The year has continued on it's cooler than average trend, but May and June have also been much drier than average leading to some drought stress in crops and grass in certain places locally.
Wheat is making up lost ground and is currently flowering. A 'T2' (Flag leaf) spray was applied about 2 weeks ago and a 'T3' (Ear spray) will be applied in about 7 days time. The yield prospects look better than a month ago but I think at best they will be 'average'.
Winter barley is slowly changing colour from green to gold and depending on the weather over the next month, may be ready to harvest in the first half of August. Yields again are expected to be depressed.
Oilseed rape (Canola) has finished flowering and the pod set looks quite promising. Again, harvest will be much later than normal.
Spring barley appears to be doing very well with almost no disease and good growth. As with winter barley, sunshine quantity is directly linked to yield.
Wildlife, particularly birds are enjoying the better weather and great quantity of foods available. The first broods of House Sparrows, Wagtails, Swallows, Owls and Woodpeckers (to name only a few) have left the nest and are currently still being fed by parents around the farm buildings. We are still putting a limited amount of supplementary food out for the birds and they appreciate it.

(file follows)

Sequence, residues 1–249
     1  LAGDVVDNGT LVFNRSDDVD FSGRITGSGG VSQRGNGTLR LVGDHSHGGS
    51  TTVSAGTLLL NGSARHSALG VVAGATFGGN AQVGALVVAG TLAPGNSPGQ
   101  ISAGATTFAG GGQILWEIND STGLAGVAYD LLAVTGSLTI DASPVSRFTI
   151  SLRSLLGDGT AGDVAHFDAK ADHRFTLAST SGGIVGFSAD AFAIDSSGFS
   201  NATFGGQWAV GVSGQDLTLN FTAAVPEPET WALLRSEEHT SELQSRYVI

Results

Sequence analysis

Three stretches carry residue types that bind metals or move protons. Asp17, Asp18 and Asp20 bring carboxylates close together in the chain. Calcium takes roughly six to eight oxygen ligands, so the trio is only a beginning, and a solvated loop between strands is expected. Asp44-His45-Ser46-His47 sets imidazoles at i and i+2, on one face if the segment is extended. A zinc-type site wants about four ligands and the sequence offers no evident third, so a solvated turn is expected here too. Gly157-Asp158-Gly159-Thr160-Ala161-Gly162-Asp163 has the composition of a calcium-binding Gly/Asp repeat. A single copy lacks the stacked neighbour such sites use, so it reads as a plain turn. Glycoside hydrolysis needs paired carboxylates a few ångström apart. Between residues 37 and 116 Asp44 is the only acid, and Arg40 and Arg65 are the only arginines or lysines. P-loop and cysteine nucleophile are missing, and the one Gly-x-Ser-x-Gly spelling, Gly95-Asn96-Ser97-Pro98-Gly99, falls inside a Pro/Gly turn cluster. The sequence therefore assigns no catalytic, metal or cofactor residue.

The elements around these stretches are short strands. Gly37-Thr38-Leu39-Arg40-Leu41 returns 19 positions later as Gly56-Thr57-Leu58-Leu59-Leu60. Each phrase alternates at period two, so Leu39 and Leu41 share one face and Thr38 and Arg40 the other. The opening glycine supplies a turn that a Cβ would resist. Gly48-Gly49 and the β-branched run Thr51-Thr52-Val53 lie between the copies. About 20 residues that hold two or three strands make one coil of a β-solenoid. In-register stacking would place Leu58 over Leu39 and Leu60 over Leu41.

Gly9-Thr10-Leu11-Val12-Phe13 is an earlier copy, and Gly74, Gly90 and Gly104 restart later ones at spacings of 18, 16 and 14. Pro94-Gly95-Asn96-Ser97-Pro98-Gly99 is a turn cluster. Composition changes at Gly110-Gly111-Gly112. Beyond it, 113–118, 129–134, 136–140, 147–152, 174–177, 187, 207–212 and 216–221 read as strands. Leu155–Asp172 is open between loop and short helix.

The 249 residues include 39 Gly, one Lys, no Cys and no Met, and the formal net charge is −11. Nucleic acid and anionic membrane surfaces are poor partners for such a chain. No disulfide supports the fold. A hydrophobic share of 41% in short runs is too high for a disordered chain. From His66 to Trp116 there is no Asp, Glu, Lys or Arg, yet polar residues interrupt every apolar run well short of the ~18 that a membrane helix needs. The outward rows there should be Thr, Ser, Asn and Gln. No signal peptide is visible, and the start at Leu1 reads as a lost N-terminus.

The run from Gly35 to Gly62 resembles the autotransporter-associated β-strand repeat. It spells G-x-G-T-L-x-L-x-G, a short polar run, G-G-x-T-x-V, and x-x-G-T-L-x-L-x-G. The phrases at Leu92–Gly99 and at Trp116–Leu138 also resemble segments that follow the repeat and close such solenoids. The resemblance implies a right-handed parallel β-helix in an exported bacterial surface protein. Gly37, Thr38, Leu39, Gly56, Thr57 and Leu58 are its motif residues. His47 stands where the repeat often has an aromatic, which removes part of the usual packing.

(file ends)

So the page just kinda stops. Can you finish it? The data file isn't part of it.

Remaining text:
The culling of badgers has been in the news with arguments from pro and anti 'cullers'. I am not affected by the cull, but can confirm the population has exploded in recent years and it has had an effect on the other wildlife on the farm. Going back 20 years or so, we had one sett on the farm and I'd estimate about half a dozen badgers. Now we have 5 setts and all much larger than the original. I have, on several, occasions seen badgers wrestling with a hedgehog until it gives up, following a ewe about to give birth or finding a pheasant's nest with around a dozen eggs. We have a busy main road running through part of the farm and this accounts for the deaths of many badgers annually - without this reduction in numbers we would be overrun. If the scenario is similar in the dairying parts of the UK and most badgers carry TB then I can understand why a reduction in numbers is necessary. Foxes can be killed if the become too numerous and a predator of lambs, chickens etc., so why not badgers whose protected status has led to an imbalance.
Some drainage work has been carried out through wet parts of fields which were a problem last year. The drains here are over 100 years old and some have collapsed, some are blocked by roots and some have just silted up. Most are approaching the end of their life, but full scale replacement would be extremely expensive.
I had an interview with a TV crew from Greece about the effects of Nicotinoids insects and the effects on crops due to their banning by the EU, possibly because of my scribblings here.
|Interview for Greek TV||Male Woodpecker on peanut feeder.||Spraying Spring Barley with the Royal Border Bridge in background.||Draining a wet part of a field to an existing good drain.|